5 Reasons To Stay. 5 Reasons To Go
They Cheated. Now You Need To Make A Decision.
Affairs are devastating to all concerned, and demonstrate emotional immaturity. Even if you feel like you have been betrayed, it may help to ask yourself, “Have I done all I can within my marriage to correct the problems and get what I want there?” Often dissatisfaction grows from resentment, and the root causes can sometimes be addressed with the help of counseling.
So how do you know whether to stay or go?
Top 5 reasons to stay
There are a number of couples who get back together after a divorce, because they had a chance to see what’s out there, what it’s like to be alone, and to calm down and get over petty resentments. By now, they’re a lot poorer because of the costs of the divorce, dividing up property, and so on.
Here are a few reasons you may wish to stay in your marriage:
- Your spouse truly recognizes he or she has a problem, and is willing to get help to fix it, and to be accountable for rebuilding trust.
- You two are going to counseling, and understanding why the affair happened, and how to fix the problems.
- You’re getting your own sex life back on track, if it was off track.
- You have a long, shared history, joint finances, and family ties that make it worth keeping the marriage together (if #1 is also true).
- You still love each other, and it’s clearly mutual.
Top 5 reasons to go
- Your spouse is in denial, makes excuses, and blames you.
- You have had it, and no longer feel connected. Be sure this isn’t just temporary anger.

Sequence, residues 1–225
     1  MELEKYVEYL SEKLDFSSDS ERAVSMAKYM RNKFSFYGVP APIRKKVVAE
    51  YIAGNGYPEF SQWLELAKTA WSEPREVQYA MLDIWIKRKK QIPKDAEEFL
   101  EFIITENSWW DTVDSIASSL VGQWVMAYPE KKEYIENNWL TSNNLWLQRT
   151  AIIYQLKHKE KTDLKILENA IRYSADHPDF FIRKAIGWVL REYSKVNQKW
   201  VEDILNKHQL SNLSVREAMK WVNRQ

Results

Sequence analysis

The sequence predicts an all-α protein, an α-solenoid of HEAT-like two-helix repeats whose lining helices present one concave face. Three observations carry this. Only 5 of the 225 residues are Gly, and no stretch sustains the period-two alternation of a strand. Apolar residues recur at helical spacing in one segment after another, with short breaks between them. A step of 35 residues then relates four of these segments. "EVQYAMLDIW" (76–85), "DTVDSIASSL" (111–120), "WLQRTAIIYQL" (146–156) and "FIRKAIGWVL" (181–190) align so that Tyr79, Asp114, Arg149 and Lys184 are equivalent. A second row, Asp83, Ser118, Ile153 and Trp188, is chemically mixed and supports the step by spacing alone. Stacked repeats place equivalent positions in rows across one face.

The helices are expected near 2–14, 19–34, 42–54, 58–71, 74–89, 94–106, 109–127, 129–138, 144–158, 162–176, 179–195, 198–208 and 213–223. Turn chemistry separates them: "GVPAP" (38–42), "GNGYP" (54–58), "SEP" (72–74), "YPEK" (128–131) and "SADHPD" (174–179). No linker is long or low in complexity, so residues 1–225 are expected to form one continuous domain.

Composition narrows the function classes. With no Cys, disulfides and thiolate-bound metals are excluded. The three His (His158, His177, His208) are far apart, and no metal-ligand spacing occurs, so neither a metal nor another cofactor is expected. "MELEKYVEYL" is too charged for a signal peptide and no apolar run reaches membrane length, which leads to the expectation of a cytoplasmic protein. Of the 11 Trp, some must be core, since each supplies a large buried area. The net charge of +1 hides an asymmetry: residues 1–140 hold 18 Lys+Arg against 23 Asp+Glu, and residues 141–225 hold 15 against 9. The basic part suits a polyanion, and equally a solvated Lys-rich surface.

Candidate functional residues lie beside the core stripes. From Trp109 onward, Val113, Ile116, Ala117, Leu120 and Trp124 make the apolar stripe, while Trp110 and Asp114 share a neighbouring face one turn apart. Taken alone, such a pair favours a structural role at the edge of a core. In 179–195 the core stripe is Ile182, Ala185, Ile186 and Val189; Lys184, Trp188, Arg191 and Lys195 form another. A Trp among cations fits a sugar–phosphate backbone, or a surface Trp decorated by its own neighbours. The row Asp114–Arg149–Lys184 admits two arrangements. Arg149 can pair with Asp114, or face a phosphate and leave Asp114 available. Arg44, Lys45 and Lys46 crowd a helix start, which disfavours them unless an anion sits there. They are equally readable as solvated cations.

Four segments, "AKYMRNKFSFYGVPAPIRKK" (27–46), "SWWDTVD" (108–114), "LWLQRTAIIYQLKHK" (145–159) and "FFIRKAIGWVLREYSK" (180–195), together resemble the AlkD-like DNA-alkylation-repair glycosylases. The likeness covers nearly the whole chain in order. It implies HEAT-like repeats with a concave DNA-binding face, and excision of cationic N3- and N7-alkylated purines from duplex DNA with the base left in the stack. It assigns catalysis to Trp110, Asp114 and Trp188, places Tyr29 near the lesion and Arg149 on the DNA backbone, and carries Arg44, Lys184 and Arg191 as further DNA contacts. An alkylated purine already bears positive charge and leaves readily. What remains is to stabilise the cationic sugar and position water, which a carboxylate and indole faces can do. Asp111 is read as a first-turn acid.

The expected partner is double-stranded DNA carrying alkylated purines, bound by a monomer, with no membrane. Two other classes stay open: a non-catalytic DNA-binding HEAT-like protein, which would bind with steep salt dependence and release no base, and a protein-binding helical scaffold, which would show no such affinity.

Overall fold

- You are prepared to be on your own.
- You either have no children, they’re grown, or you’re certain a divorce will be better for them than what’s going on.
- Your spouse refuses to give up his other sex partner.
While no one should stay and suffer, a lot of people could do the work and wind up happier than if they leave, rather than take the shortcut of leaving without doing the work. People often get into “the grass is greener” fantasy and later regret leaving after the damage is done. It’s possible that you will find an extraordinary love after divorcing late in life, but many find the potential partners out there are no better than the ones they left. There’s no easy answer, and certainly no answer that is black and white. With some work, a marriage can occasionally be improved — or at the very least, can be turned into a life that works, with companionship. But, as many divorcees know, there are times when this is just not possible.
Whatever you choose to do, take great care in making your decision, and know there is support available for you — whatever you decide.